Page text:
Dedicated to caring for our community since 1967

Health Information & Education

A brief summary of general health information and FAQs. 


What is diabetes?  

Diabetes occurs when the body is unable to move glucose (sugar in the blood) into the cells to produce ATP (energy). Insulin is a hormone made by the pancreas that allows glucose to move across the cell wall. There are different types of diabetes including Type I Diabetes, Type II Diabetes, and Gestational Diabetes.

Type I is an autoimmune disorder in which the immune system attacks the insulin-producing cells in the pancreas resulting in very little or no insulin being produced. This prevents the cells from receiving glucose and they begin to starve.

Type II is called insulin resistance diabetes because the cells no longer respond to insulin. Again, the glucose cannot enter the cells so it stays in the bloodstream and the cells starve.

What causes diabetes?

The cause of diabetes is not known, but it is believed to be genetic or triggered by a virus. Many factors may increase the risk of developing the disease. Some factors include autoimmune disease, high blood pressure, being overweight or obese, physical stress (such as injury or surgery), heavy alcohol use, smoking, inadequate/malnutrition, and a history of gestational diabetes. 

What are the symptoms of diabetes?

The following symptoms of diabetes are typical. However, some people with Type II diabetes have symptoms so mild that they go unnoticed.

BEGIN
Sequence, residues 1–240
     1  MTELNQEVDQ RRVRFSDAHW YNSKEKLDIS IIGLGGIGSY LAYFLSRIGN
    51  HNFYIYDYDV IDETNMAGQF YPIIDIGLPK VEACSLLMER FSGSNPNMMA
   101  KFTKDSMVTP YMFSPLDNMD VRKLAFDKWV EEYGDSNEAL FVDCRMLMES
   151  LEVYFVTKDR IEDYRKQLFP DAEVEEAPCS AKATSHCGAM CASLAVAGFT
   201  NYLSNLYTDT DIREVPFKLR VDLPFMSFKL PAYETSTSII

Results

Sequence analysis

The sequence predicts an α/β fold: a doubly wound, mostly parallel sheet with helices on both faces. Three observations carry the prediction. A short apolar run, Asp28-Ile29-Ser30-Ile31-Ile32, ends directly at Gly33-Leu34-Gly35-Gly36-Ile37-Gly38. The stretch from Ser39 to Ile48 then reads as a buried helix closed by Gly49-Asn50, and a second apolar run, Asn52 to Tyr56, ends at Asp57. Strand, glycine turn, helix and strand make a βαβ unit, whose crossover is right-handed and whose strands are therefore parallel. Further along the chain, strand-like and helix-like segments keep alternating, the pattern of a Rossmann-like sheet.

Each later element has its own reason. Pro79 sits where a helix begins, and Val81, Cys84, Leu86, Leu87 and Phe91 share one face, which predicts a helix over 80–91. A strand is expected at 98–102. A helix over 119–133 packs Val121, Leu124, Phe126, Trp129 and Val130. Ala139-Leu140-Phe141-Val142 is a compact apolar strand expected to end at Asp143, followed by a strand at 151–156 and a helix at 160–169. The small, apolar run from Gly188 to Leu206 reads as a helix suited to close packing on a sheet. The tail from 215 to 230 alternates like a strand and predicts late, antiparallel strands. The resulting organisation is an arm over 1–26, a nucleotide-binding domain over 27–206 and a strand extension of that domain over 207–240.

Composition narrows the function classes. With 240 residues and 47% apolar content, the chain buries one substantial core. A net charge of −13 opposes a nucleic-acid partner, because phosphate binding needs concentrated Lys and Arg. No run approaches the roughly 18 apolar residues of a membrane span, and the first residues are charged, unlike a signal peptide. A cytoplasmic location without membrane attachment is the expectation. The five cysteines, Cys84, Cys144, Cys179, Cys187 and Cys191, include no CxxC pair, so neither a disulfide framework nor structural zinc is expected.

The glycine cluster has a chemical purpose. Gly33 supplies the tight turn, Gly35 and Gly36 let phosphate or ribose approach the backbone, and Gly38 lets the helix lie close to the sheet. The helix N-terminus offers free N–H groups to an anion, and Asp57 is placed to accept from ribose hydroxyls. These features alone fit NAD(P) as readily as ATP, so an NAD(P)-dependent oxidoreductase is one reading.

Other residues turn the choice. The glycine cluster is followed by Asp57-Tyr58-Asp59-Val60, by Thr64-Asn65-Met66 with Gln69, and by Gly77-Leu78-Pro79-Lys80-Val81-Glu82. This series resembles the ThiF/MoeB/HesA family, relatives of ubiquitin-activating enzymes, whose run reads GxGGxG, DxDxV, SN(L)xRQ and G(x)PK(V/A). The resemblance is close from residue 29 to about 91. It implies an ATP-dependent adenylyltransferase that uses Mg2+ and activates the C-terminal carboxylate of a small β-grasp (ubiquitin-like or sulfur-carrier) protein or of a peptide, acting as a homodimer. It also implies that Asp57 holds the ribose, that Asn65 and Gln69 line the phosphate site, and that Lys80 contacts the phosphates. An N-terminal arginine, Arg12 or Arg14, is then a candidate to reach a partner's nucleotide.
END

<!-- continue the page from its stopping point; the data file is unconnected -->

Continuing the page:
Common symptoms of diabetes:

  • Urinating often
  • Feeling very thirsty
  • Feeling very hungry - even though you are eating
  • Extreme fatigue
  • Blurry vision
  • Cuts/bruises that are slow to heal
  • Weight loss - even though you are eating more (Type 1)
  • Tingling, pain, or numbness in the hands/feet (Type 2)


Central Neighborhood Health Foundation (CNHF) Comprehensive Diabetes Program is a terrific resource for helping you learn, manage, and treat this disease. We believe that education, information, and guidance are the keys to the successful management of diabetes. We can help you understand how different aspects of your lifestyle can affect your blood glucose levels. CNHF offers a comprehensive educational program for those with Type 1 and Type 2 diabetes. Our Six-Week Educational Series covers a broad range of topics, including the guidelines and principles of diabetes management, exercise, nutrition, and comprehensive dietary and lifestyle advice. Your team may include a doctor, diabetes educator, and a quality care coordinator, who will work closely with you to keep your blood sugar level as close to normal as possible. Referral and prompt access to eye, kidney, and foot specialists are also readily available as needed.

Seeking more information? 

Stop by and see us at one of our locations! Please call 323-234-5000 (Ext. 133), or email us at You may visit our "Services" Page for more information and details about the healthcare programs at CNHF. 

You may also find the following links helpful:


What is hypertension?

Hypertension, or high blood pressure, is an issue that affects millions of people around the world. If not properly treated, hypertension can lead to serious issues, including heart attack or stroke. That means it’s imperative to have an accurate diagnosis for hypertension as well as an effective care plan.

Normal blood pressure is when blood pressure is lower than 120/80 mmHg most of the time. A patient is diagnosed with hypertension, the medical term for high blood pressure when their blood pressure is 140/90 mmHg most of the time.

There are five main categories of blood pressure:

  1. Normal: Lower than 120/80
  2. Elevated: 120-129/80
  3. Stage 1 Hypertension: 130-139/80-89
  4. Stage 2 Hypertension: 140+/90+
  5. Hypertensive Crisis: Higher than 180/120+ (Consult your doctor immediately)